20 - Savanna chimpanzees, referential models and the last common ancestor  pp. 275-292

Savanna chimpanzees, referential models and the last common ancestor

By Jim Moore

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Many a great ape grant proposal has waxed on about insights that the proposed research would provide into the behavioral ecology of our early ancestors (see Zihlman, Chapter 21), and the term ‘model’ is ubiquitous in the resulting literature (e.g. Jolly, 1970; Kinzey, 1987). What is a model in this context? It is important to know, because (justified or not) people often draw inferences about modern humans from such models. Skybreak (1984) describes the referential (i.e. analogical with an existing species) baboon model:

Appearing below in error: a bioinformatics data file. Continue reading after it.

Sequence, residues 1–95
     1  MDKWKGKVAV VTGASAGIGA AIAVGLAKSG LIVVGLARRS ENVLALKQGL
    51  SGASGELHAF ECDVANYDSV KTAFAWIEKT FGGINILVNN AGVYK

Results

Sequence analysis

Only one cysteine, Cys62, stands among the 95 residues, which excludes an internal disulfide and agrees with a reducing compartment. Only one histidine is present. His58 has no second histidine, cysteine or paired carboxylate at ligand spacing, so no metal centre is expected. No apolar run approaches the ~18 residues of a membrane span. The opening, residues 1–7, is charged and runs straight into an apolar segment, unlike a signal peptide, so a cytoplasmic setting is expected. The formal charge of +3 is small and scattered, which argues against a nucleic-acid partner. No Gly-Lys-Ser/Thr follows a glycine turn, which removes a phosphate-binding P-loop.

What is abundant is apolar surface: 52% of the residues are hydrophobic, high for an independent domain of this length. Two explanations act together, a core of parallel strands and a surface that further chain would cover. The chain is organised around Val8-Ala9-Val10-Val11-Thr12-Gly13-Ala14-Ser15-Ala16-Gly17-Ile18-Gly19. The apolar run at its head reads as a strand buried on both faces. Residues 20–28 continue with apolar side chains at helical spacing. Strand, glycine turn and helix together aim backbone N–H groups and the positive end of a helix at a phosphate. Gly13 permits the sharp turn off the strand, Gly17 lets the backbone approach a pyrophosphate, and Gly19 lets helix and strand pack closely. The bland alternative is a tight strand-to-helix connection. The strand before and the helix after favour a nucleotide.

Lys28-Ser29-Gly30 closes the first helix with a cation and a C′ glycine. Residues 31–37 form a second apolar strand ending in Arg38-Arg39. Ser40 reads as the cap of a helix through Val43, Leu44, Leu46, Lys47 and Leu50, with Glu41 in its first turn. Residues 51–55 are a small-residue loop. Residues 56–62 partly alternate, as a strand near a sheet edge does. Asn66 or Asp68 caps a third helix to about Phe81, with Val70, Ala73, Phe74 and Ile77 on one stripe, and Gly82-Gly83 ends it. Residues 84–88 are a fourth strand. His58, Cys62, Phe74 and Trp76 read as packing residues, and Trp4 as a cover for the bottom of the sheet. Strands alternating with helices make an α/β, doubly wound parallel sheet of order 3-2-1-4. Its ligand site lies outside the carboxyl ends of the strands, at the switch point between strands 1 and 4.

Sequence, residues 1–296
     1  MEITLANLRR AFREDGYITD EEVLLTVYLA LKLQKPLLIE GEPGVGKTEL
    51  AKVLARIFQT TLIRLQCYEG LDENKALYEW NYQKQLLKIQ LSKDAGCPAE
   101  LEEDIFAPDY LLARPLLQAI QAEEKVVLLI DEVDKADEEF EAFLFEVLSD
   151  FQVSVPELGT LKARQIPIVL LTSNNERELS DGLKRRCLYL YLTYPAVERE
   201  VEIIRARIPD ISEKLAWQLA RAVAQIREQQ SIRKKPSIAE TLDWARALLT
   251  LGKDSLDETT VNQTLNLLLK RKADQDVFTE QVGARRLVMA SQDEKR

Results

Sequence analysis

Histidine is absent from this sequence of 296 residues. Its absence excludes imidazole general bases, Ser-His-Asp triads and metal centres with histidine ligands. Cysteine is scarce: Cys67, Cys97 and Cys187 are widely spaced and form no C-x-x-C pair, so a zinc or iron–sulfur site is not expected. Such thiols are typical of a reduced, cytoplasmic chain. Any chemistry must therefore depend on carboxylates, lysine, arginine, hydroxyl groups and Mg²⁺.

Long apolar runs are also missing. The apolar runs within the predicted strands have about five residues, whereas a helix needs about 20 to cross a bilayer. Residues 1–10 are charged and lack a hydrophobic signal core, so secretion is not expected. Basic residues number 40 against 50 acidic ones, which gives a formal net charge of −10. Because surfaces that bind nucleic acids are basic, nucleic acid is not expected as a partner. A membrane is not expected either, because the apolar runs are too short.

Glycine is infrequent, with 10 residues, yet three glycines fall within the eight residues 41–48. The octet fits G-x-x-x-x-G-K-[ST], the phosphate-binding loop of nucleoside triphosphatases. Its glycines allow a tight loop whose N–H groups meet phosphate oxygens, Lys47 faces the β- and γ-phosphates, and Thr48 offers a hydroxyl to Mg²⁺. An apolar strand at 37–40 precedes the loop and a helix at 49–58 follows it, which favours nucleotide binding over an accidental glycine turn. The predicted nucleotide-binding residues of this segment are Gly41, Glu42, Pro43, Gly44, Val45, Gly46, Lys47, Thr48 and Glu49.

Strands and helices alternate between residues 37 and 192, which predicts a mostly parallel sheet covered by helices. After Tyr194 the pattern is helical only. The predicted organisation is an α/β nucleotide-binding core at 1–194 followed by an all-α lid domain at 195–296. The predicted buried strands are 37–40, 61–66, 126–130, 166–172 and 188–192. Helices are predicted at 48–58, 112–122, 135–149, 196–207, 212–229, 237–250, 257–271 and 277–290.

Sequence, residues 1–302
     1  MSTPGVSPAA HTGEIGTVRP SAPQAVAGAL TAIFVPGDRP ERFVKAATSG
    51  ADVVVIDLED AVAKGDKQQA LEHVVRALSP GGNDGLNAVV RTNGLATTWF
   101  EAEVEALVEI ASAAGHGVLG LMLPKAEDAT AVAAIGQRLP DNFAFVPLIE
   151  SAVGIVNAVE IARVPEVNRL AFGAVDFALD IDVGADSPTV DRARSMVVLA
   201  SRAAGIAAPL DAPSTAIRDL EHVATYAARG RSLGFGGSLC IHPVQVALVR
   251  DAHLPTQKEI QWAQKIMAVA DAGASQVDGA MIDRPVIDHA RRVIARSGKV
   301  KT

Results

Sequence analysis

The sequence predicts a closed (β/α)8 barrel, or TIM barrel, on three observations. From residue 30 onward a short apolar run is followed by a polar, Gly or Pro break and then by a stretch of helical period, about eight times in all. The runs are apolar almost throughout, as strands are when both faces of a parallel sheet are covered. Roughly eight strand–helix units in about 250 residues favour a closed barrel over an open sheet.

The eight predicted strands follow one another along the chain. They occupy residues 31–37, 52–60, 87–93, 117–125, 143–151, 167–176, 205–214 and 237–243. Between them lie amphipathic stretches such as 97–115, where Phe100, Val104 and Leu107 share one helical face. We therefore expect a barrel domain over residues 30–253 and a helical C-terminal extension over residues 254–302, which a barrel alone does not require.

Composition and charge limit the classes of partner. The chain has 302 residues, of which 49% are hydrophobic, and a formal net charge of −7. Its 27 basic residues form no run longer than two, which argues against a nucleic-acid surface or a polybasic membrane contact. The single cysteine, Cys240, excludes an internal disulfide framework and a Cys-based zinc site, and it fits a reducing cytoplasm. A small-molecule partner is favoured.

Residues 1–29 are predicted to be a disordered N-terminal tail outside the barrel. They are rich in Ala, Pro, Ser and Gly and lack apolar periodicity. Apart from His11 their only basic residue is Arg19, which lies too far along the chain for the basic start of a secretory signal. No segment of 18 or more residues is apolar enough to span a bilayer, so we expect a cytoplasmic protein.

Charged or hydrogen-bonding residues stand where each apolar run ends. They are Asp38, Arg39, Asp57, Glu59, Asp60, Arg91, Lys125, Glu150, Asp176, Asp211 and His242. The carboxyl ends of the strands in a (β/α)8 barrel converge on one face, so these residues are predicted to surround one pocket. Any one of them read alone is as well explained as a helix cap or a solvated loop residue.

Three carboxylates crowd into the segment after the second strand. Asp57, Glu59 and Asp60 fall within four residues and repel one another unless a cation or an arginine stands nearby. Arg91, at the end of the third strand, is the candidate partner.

Implicitly or explicitly, savanna baboons have been repeatedly proposed as models for our own earliest origins or as a basis for understanding human aggression, xenophobia, class structure, and the domination of women, all seen as rooted in biological evolution (and by implication, thus very resistant to change).

Skybreak, 1984, p. 84

One might think that she would reject all such referential models, with their putative biological determinism, but instead she supports Tanner's (1981) chimpanzee model. One of the many meanings of the word ‘model’ is ‘something held up before one for imitation or guidance’ (Webster's New Collegiate Dictionary, 1951), and one wonders whether there might be some cognitive spillover among usages.